At a highly prestigious liberal arts college, one might assume that you would acquire a vast set of skills to prepare you for the rest of your life. A college degree in today’s world is viewed by many as essential. However, given the unprecedented times we live in, it seems that anything could happen at a moment’s notice. It raises the question: How would a degree from Vassar help you in a zombie apocalypse? Asking some of the College’s brightest young minds this very question, some creative, unique, and unconventional responses emerged:
Phoebe Kinder ’24, a Studio Art major, would use her artistic skill set to infiltrate the enemy: “I would betray my fellow humans and disguise myself as one of the zombies in order to gain their trust and make peace between both parties.”
Philosophy major Ganesh Pillai ’23 would use his deep thinking as a bargaining tool: “Maybe something like asking them questions about what they’re doing in an attempt to get them to reconsider killing me. Or at the very least I probably at this point would have written a bunch of work about random philosophy stuff, so my books would provide good weapons?”
Cognitive Science major Mira Genkovska ’23 has a bit of a different thought process on how to fend off the zombies: “Zombies want my brain, which will make it hard for them. Cause we don’t really know what’s brain and what’s mind. Where does one end and the other begin? What if zombies have a type? And they actually like minds and not really brains? I mean, that’s the main thing we talk about in class…and how to make Excel spreadsheets.”
Johnathan Wohl ’23, a Computer Science major, would take a much more practical approach to this issue stating, “Maybe I could write code to track which places have the highest levels of zombie traffic to find the best hiding spot.”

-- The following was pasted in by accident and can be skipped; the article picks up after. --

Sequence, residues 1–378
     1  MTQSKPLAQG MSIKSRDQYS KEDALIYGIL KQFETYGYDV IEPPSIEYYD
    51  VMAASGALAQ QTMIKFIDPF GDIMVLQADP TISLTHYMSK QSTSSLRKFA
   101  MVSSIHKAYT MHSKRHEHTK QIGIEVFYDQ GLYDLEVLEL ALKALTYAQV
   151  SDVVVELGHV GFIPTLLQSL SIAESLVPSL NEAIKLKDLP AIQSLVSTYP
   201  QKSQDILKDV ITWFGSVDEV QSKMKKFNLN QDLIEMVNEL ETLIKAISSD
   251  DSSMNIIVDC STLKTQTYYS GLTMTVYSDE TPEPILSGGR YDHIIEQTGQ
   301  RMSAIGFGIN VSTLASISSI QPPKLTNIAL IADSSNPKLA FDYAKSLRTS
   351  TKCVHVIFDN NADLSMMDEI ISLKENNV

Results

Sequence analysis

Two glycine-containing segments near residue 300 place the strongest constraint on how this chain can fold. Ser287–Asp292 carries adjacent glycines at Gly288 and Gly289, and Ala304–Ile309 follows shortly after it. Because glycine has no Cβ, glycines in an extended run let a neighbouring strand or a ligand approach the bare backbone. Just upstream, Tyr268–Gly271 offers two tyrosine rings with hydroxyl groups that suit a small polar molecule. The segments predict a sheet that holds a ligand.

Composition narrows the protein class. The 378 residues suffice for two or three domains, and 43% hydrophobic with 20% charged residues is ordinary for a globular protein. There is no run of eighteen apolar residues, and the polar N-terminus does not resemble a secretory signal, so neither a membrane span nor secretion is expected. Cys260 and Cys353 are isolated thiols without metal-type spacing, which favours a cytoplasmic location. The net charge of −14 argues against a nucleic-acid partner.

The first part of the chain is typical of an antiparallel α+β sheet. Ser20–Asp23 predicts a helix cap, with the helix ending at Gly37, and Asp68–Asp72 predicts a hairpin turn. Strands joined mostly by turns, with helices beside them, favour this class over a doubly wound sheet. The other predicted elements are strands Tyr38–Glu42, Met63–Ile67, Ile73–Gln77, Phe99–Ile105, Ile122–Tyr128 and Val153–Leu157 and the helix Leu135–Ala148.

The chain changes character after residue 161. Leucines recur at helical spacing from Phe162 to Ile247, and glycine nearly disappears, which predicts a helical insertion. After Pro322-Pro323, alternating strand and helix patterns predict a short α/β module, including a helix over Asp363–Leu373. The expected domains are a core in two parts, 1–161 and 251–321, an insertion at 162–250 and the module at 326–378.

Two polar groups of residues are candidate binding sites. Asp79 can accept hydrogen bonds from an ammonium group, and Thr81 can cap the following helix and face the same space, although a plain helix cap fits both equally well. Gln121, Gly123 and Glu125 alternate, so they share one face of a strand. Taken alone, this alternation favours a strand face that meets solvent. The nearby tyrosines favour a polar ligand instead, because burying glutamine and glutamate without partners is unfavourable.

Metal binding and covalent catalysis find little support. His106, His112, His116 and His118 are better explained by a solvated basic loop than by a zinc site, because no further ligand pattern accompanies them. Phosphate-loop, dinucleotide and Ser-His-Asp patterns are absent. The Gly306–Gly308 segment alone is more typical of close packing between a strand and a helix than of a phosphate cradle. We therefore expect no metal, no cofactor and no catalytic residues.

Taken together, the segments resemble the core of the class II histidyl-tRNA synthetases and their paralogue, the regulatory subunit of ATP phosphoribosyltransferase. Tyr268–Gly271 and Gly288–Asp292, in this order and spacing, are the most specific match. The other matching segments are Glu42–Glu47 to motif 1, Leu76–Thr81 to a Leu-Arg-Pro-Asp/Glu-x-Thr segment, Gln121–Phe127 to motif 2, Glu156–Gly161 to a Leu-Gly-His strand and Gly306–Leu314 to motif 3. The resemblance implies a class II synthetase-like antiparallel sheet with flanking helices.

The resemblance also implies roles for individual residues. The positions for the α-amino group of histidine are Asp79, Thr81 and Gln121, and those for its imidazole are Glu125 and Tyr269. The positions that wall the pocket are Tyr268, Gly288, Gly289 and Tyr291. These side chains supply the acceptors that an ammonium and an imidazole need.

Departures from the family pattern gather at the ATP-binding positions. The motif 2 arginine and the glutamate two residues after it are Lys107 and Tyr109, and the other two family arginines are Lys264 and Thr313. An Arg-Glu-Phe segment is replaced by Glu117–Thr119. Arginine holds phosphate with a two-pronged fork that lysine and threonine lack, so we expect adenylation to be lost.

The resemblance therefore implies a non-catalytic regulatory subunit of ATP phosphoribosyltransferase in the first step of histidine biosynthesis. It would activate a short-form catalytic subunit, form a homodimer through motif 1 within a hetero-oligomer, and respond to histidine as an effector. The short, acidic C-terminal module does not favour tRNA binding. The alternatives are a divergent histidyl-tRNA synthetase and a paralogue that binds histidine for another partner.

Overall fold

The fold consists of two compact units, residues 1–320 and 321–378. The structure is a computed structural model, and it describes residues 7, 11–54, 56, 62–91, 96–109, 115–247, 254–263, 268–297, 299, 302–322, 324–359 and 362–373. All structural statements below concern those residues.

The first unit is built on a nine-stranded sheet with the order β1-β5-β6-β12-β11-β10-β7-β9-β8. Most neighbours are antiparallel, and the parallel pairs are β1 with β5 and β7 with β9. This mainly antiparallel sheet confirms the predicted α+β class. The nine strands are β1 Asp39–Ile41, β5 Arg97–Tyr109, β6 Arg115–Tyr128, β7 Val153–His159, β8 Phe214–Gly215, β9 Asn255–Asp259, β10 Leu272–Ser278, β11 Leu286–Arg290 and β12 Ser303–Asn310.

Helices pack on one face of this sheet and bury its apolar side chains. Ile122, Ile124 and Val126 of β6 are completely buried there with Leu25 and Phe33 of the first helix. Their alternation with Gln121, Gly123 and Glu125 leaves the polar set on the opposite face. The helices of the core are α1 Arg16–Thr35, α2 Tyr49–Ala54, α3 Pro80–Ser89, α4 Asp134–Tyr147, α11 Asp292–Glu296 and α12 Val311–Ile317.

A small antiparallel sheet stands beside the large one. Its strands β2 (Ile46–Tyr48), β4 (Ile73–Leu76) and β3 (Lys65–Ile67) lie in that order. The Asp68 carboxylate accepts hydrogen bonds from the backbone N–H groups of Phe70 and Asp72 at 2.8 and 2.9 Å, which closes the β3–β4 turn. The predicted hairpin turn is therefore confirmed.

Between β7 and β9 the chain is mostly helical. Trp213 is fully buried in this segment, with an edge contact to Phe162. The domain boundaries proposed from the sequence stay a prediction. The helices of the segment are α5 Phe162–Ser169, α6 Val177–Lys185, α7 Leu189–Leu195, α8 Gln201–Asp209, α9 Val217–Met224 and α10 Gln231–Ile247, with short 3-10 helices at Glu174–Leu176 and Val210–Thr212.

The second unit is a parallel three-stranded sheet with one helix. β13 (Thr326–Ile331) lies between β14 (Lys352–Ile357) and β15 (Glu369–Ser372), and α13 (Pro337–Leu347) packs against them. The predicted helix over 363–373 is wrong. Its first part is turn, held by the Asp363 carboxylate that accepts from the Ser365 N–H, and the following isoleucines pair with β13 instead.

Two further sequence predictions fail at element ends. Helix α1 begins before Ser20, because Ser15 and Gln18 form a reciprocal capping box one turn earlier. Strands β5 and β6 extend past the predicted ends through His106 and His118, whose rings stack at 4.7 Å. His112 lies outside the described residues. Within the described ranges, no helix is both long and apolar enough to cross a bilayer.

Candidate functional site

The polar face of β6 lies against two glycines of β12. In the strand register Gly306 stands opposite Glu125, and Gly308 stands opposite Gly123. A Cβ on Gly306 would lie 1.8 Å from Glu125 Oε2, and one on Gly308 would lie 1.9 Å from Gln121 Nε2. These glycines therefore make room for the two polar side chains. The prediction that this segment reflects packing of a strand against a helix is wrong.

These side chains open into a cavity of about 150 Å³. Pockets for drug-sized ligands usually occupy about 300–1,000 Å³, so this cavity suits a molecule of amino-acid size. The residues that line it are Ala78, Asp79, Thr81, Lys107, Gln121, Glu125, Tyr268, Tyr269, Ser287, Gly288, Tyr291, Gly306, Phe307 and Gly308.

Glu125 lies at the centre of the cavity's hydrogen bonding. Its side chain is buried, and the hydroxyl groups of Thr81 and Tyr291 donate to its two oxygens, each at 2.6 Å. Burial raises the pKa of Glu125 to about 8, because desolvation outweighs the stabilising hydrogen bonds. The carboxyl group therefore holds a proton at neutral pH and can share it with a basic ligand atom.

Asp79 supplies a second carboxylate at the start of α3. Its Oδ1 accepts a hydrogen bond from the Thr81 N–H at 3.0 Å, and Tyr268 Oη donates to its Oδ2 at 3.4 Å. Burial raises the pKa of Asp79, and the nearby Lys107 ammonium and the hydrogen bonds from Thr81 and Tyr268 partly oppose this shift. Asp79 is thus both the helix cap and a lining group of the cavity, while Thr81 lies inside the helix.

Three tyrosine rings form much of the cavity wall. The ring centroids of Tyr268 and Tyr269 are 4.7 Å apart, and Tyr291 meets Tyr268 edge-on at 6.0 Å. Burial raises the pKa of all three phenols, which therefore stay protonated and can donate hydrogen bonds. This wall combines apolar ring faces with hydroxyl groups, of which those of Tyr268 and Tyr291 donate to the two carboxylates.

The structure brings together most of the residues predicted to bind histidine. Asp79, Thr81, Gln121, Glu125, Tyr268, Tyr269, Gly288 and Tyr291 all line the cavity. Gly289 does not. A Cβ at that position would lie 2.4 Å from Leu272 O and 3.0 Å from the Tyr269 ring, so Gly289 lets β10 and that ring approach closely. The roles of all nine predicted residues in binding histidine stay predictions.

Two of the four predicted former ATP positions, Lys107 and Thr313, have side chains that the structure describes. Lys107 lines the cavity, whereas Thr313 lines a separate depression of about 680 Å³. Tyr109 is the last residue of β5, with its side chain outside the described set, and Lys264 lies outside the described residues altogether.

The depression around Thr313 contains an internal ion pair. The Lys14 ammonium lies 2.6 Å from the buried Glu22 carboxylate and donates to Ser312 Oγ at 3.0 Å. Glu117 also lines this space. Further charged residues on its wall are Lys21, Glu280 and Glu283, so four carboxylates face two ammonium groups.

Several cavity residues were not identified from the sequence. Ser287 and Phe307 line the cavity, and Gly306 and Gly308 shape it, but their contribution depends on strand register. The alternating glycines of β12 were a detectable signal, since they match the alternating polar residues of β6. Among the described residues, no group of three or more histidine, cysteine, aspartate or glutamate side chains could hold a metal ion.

For Nico Galvin ’23, mathematical skills would come in handy… but at the expense of others: “As a Math major, I would be the most qualified to count and distribute food in a group of survivors, which puts me in the perfect position to steal all the food and ditch them. Sorry, that’s life.”
Similarly, fellow Math major Thomas Muff ’23 would use his skills to rationalize his survival. He also added some opinions on how other majors might help: “Well, if a zombie moves at x miles per hour and if there are z zombies and f friends, if for a subset of friends f’ where the members of this set of friends move at a rate equal to or less than x (zombie speed) such that f’ is equal to or greater than z, assuming one zombie eats one person, then you will survive. And for any Philosophy major, if they just read the zombies a passage from ‘A Critique of Pure Reason,’ the zombie will eventually fall asleep and everyone will be saved.”
Overall, these innovative and eccentric responses are a comforting reminder of what our education is all about: surviving the next apocalyptic event that will surely be upon us soon!